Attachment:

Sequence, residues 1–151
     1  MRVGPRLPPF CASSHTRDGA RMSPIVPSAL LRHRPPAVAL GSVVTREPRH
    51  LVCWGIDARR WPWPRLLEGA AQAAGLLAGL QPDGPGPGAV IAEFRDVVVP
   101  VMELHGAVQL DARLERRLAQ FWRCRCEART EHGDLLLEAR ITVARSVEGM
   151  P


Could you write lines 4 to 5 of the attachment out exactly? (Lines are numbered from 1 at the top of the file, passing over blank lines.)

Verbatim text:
   101  VMELHGAVQL DARLERRLAQ FWRCRCEART EHGDLLLEAR ITVARSVEGM
   151  P